- Format: Kindle Edition
- File Size: 9374 KB
- Print Length: 290 pages
- Page Numbers Source ISBN: 1484221044
- Publisher: Apress; 2 edition (10 June 2017)
- Sold by: Amazon Australia Services, Inc.
- Language: English
- ASIN: B0721GMXG3
- Text-to-Speech: Enabled
- Word Wise: Not Enabled
- Customer Reviews: 23 customer ratings
- Amazon Bestsellers Rank: #708,888 Paid in Kindle Store (See Top 100 Paid in Kindle Store)
Winning Design!: LEGO MINDSTORMS EV3 Design Patterns for Fun and Competition Kindle Edition
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|Length: 290 pages||Enhanced Typesetting: Enabled||Page Flip: Enabled|
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From the Back Cover
Design that works! It's what you need if you're building and competing with LEGO MINDSTORMS EV3 robotics. You'll find uses for the new light sensors and gyro sensors in navigation, helping you to follow lines and make turns more consistently. Approach collision detection with greater confidence through EV3's ultrasonic sensor. Learn new designs for power attachments.
Winning Design! is about building with LEGO MINDSTORMS EV3 for fun, for education, but especially for competition. Author James Trobaugh is an experienced coach and leader in the FIRST LEGO League. In this book, he shares his hard-won knowledge about design principles and techniques that contribute toward success in robotics competitions.
Winning Design! unlocks the secrets of reliable design using LEGO MINDSTORMS EV3. You’ll learn proven design patterns that you can employ for common tasks such as turning, pushing, and pulling. You’ll reduce and compensate for variation in performance from battery charge levels and motor calibration differences. You’ll produce designs that won’t frustrate you by not working, but that will delight you with their reliable performance in the heat of competition.
Good design is about more than just the hardware. Software counts for a lot, and Winning Design! has you covered. You’ll find chapters on program design and organization with tips on effective coding and documentation practices. You’ll learn about master programs and the needed flexibility they provide. There’s even a section on presenting your robot and software designs to the judges.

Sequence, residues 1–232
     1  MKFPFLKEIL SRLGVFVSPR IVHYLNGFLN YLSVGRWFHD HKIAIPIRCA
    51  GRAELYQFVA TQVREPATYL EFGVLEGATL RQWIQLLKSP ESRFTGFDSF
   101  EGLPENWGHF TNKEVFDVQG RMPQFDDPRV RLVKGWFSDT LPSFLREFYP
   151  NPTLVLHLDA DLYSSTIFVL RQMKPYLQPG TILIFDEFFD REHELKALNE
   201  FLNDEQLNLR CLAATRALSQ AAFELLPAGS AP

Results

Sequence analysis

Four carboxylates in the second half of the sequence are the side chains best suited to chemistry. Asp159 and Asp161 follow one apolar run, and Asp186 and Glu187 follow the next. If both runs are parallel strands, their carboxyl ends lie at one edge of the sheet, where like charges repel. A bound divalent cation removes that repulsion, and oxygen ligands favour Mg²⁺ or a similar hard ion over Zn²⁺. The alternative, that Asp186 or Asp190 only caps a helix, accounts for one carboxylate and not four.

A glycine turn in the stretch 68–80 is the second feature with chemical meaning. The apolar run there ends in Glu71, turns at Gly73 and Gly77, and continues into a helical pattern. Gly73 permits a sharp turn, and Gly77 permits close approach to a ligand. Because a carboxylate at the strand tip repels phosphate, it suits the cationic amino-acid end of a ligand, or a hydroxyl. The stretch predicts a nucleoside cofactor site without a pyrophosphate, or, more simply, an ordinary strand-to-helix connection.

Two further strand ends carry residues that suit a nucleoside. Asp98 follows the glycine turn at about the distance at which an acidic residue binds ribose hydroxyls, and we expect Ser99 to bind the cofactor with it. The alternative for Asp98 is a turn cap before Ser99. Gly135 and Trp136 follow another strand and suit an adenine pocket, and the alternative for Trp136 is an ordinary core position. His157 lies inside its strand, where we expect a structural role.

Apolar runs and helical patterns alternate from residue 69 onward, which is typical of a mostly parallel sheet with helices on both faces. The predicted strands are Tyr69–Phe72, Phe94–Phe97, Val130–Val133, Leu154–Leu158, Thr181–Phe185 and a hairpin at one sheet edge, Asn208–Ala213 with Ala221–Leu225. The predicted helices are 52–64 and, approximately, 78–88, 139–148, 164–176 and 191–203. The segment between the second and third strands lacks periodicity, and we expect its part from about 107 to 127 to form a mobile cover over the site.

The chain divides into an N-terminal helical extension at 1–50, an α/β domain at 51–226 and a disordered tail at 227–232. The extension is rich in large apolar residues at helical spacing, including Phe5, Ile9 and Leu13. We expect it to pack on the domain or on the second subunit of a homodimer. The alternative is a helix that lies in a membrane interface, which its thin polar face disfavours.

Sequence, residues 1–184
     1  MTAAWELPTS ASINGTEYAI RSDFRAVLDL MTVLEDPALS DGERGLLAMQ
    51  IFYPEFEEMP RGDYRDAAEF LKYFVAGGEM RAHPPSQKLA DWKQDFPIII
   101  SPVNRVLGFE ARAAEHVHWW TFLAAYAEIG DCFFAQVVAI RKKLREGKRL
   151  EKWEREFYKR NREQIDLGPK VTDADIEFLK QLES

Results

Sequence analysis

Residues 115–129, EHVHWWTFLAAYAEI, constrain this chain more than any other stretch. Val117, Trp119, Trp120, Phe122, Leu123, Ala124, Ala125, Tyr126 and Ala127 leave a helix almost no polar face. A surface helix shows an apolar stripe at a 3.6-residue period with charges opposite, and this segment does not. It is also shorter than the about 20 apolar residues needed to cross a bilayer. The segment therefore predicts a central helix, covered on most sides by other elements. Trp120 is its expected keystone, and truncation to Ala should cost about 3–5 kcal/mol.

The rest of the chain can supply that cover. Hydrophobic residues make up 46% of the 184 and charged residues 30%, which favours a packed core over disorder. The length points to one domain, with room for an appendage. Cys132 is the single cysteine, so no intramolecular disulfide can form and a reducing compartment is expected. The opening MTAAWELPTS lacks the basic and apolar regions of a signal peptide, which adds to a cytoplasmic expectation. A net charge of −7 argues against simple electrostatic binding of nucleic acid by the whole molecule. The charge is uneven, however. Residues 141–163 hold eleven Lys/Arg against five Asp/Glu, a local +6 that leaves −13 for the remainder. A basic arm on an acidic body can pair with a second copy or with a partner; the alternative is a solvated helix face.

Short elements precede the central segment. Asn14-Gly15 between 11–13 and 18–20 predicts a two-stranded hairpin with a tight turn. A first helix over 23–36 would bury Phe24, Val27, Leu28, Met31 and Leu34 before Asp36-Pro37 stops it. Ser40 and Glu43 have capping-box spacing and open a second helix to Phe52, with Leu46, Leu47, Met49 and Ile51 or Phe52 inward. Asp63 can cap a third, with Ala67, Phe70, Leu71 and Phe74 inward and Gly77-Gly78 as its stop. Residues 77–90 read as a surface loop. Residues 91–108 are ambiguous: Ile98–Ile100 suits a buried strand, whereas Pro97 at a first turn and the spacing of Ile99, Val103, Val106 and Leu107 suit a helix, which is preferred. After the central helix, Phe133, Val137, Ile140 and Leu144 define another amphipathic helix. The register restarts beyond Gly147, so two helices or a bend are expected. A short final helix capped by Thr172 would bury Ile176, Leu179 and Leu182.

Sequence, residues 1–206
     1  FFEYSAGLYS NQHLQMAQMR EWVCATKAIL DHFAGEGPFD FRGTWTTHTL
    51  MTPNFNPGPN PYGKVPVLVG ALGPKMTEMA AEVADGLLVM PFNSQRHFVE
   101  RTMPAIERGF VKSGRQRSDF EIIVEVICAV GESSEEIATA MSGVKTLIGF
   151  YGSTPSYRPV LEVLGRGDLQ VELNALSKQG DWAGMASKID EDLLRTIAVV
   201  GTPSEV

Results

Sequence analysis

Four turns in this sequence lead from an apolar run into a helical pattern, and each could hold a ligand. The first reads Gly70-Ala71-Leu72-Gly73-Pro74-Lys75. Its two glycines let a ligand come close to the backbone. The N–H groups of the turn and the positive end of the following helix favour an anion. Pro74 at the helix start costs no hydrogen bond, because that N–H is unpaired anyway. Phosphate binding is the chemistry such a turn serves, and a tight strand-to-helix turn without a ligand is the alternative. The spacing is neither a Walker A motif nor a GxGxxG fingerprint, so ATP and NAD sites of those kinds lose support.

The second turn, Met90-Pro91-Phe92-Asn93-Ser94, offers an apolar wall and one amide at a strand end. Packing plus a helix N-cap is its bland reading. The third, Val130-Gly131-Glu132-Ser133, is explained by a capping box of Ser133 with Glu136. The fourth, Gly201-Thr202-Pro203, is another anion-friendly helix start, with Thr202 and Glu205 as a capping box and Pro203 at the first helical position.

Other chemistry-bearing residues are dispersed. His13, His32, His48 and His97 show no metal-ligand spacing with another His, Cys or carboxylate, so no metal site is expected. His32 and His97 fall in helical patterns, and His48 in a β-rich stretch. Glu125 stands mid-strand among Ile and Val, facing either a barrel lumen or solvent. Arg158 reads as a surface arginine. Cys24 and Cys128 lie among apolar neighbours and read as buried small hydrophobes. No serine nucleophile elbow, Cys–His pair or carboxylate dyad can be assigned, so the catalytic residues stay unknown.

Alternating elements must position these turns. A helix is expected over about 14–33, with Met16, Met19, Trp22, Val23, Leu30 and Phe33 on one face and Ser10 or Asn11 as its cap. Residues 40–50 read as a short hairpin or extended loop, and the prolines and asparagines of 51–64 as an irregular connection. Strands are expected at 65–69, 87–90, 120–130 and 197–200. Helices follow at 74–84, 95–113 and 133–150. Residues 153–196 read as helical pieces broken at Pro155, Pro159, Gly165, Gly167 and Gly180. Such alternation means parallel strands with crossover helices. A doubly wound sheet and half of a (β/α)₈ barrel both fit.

Winning Design! is the book you need if you're involved in competitions such as FIRST LEGO League events. Whether coach, parent, or student, you’ll find much in this book to make your design and competition experience fun and memorable, and educational. Don't be without this book if you're leading a team of young people as they build skills toward a future in technology.--This text refers to the paperback edition.
About the Author
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Review this product
Top international reviews
Trobaugh begins by emphasizing the importance of knowing and understanding all the FLL competition rules, including that you can only use genuine LEGO parts and stock EV3 programming elements. He covers chassis design, gearing, drive wheels, how to reliably travel straight, wall-following, jigs, motor matching, consistent turning, line-following, passive and motorized attachments, using pneumatic attachments for motor-free power, MyBlocks, sequencer programs, software version control, lab notebooks, and how teams should present their work to judges. There are also 76 pages of instructions for how to build the "DemoBot" robot the book uses for all of its examples.
This is probably 90-95% of what first- or second-year teams will need to significantly "improve their game". The writing is clear, and should be accessible to middle-schoolers. Trobaugh provides screenshots of example EV3 programs, and these are very helpful, but my biggest critique of the book is that some of the larger programs' text and parameters are almost unreadably small. Hopefully the next printing can split the programs onto multiple lines (maybe 4-5 modules each?), and/or take screenshots zoomed out on a larger monitor, to improve readability. A reader could also wish for more examples of clever attachments or ways to solve particular missions, to get them thinking creatively.
Twice in Chapter 5, I think the author meant to say that the optimal distance from your color sensor to the field mat is 2-3 "mm" instead of "cm". And he mentions TechBrick, a poorly designed website with many outdated references (like “New” NXT books from 2007), instead of the more modern and highly rated ev3lessons site. But except for these, the book is well-edited, and is a much-needed and useful aid for early stage First Lego League teams.
Lots of good info for both beginning and intermediate teams.